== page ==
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The completion of the classification of finite simple proofs was first announced in 1983. However, as late as 2008 minor gaps were still found and closed.

How certain can we be that

  1. The proof of the classification theorem is correct
  2. Even though there may be mistakes in the proof, at least the result is correct, i. e. our list of finite simple groups is the right one?
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Personally, I feel assuming classification should still be a tentative business until a classification program more amenable to widespread peer review manifests in a later-generation proof. Not that I can stand anywhere near the experts in perspective on the group-theoretic details, I just believe in human fallibility's tendency to increase proportional to sheer extent of work and effort, and inversely to the level of open peer review feasible. –  anon Apr 1 '13 at 23:44
Here are two relevant MathOverflow questions. –  Zev Chonoles Apr 1 '13 at 23:45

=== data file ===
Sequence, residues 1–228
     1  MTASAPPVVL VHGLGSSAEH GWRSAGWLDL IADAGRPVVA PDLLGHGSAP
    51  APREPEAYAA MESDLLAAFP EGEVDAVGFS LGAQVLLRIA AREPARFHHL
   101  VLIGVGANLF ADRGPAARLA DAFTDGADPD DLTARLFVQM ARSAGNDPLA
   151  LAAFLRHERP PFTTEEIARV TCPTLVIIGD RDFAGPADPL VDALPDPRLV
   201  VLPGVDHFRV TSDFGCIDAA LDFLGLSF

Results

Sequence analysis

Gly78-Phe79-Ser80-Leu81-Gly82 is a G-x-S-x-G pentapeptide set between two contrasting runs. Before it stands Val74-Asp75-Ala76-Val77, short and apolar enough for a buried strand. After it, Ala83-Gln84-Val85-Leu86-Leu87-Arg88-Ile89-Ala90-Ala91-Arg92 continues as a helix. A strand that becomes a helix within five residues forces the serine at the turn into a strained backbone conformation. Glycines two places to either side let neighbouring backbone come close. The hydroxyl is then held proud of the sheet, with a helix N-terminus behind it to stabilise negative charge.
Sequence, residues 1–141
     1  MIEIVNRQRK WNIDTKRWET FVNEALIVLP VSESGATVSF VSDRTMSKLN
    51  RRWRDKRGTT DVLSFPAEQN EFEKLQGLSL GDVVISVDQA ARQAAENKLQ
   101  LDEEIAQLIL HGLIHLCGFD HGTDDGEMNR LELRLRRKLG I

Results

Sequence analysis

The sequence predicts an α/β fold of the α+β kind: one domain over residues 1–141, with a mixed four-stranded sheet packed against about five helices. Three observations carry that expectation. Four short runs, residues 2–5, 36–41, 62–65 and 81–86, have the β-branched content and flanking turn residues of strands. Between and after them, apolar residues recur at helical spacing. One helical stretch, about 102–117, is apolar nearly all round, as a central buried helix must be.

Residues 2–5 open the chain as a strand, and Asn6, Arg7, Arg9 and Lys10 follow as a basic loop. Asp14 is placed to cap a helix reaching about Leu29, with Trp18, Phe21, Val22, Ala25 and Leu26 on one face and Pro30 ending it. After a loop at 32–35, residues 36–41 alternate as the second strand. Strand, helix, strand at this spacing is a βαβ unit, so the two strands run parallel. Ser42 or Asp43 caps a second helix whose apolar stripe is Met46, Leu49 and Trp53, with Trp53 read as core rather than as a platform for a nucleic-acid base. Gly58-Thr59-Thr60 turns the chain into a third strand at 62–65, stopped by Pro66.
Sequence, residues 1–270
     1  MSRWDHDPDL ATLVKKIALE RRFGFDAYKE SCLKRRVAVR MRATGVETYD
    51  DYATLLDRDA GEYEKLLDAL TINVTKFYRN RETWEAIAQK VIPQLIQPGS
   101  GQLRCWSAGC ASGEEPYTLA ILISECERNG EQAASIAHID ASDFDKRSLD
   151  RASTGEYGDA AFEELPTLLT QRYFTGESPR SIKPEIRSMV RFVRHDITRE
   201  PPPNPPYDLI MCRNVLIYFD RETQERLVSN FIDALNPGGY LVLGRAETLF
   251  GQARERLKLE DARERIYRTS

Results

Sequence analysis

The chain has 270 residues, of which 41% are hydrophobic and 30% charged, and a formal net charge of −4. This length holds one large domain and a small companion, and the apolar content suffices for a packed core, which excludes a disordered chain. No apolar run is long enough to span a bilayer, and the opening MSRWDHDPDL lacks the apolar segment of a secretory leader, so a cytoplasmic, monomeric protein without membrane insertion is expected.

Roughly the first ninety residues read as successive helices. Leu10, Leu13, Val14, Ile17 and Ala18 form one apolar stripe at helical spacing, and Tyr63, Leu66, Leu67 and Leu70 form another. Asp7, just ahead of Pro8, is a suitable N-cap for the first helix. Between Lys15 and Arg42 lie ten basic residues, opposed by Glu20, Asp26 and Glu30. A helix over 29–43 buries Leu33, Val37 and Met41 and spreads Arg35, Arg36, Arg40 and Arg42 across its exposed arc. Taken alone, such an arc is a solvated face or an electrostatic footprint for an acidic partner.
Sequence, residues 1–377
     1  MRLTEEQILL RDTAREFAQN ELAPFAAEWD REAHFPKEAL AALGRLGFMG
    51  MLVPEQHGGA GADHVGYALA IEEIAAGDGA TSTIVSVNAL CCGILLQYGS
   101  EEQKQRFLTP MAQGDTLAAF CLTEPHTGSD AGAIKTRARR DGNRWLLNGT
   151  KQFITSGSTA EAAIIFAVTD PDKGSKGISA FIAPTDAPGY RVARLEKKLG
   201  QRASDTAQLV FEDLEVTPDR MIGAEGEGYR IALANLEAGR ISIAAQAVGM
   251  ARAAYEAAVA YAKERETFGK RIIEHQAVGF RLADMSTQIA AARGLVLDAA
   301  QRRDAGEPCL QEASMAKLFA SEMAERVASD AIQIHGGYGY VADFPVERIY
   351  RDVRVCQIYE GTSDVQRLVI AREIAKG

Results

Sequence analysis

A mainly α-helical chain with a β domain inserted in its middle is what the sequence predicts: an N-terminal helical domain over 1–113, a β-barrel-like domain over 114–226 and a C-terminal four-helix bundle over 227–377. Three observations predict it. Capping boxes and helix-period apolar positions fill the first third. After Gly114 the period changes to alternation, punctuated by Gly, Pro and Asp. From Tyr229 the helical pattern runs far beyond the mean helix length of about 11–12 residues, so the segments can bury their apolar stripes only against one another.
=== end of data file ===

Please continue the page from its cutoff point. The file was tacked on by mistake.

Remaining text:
I wouldn't bet the farm on it. –  Baby Dragon Apr 1 '13 at 23:45
It would not be too surprising to find a gap or a mistake in the thousands of pages that are involved in the classification. But I'm pretty sure most group theorists would agree that if someone discovered a new finite simple group now, it would be extremely shocking! –  spin Apr 2 '13 at 13:24
We're pretty sure. This is a good read on the status by Aschbacher. At this point, we're trying to simplify the proof because it's pretty messy and not very elegant, not because we aren't sure that it's correct. –  Alexander Gruber Apr 2 '13 at 16:16

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